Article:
“Bhaiyaa.” – she said.
(Bhaiyaa is a respectable word, which originally means elder brother. But, we use it in usual way to address a random person while talking, whose name we don’t know.)
I turned around to see that a lady, who seemed to be in her late 30s, standing wearing less tidy clothes and it seemed that she wanted to tell something.
“Yes.” – I replied.
“Bhaiyaa, Do dinn se bhukey hain. Do paranthas dila dijiye, 20 rupees ke aayenge.”
[Bhaiya, I am hungry since two days. Please buy me two paranthas (thick chapati with potato mashed in between the layers), it will cost just Rs.20 only.] – she said, pointing towards a nearby place where two-three push-trucks (thelewallas) were located.
I was standing at a dairy shop, where I stopped in order to buy some curd for myself, when she uttered this. I felt she is genuinely in need as she was requesting for food, which is usually not the case. I have seen beggars demanding money, but I was against giving them money, and instead advocated to help them out with food.
“Thik hai. (Okay)” – I said.
And, then I told the dairy shop that I will be back in a moment. I then walked towards one of the push-trucks located adjacent to the dairy shop. It was comparitively less crowded, with two customers standing and eating.
I went near to it, and spoke to the push-truck owner – “How much for two paranthas?”
“Twenty rupees only.” – he replied.
I handed him twenty rupees and pointed towards her and said, “Please give two paranthas to her.”
He replied affirmatively and then I went straightaway to the dairy, which was just adjacent to the place, where push-trucks were located.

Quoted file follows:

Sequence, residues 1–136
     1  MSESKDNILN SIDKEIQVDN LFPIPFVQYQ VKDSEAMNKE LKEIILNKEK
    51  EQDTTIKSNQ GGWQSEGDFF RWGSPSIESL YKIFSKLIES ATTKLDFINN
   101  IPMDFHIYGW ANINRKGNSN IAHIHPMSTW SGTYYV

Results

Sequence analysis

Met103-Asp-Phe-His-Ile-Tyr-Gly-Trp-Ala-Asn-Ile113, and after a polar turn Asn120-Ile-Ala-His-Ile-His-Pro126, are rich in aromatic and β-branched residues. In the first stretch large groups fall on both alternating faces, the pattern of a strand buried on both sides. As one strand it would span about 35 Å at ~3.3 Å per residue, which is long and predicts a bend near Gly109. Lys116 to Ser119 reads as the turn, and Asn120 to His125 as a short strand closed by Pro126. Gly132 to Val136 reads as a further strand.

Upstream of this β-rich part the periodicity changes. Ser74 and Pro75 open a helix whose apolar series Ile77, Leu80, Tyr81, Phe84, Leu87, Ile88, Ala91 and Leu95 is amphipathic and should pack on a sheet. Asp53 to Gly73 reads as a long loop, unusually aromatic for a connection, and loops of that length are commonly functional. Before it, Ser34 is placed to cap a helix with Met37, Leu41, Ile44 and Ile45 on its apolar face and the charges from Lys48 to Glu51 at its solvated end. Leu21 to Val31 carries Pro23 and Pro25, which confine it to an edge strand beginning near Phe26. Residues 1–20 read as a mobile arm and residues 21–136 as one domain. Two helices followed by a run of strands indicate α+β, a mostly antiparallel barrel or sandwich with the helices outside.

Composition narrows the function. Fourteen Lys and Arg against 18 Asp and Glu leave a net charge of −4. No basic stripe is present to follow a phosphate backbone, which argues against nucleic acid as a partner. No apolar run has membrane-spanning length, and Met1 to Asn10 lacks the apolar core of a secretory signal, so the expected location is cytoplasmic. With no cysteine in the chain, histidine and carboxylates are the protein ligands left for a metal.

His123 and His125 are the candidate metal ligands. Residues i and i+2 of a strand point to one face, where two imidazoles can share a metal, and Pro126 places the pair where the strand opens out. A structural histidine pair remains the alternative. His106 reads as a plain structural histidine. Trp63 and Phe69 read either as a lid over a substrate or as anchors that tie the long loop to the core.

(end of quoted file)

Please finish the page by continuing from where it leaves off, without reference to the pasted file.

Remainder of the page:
As two-three customers were standing, the dairy shop owner was busy taking their orders and I was waiting in all this.
“Why these two paranthas? Make fresh ones for me.” – she said to the push-truck owner.
The push-truck owner replied, “These have been made around 5-10 minutes back only. They are fresh already.”
I was amazed to see that her voice suddenly changed from soft and requesting to commanding and loud in a mere few minutes.
“No. I don’t trust you and your preparation. Give me back my Rs.20/-” – she said to the push-truck owner.
I stood silently and wanted to know what happens next.
The push-truck owner replied, “These are the fresh ones. And we won’t pay you back any money, and if we will have to pay then we will give back to the person, who paid for these paranthas, not you.”
By then, the dairy owner handed over my stuff .i.e. curd and I was about to leave the place. I walked towards the bike and put the dairy stuff in the side bag, and then stopped for a few moments.
I looked at the push-truck again, and I saw that she was eating the paranthas now, without any complaint and insisting the person to add some more complimentary pickle to her order.
I then started the ignition of the bike and drove it back to my home. While driving I was thinking, whether I did right or not by paying for the paranthas? Was it my kindness or foolishness? Did I accidentally promoted beggary this way?
Many questions arose in my mind after that, with no powerful answer to any of those. But in all this, I felt happy somehow that she was eating the paranthas, which was the sole purpose of me paying for the paranthas.
I remembered the doha by Kabir;
साईं इतना दीजिये, जा मे कुटुम समाय । मैं भी भूखा न रहूँ, साधु ना भूखा जाय
[Note: The photo used here as featured photo is for representation purposes only, special thanks to CANVA for the photograph. It was not the original photo of the event/incident that happened.]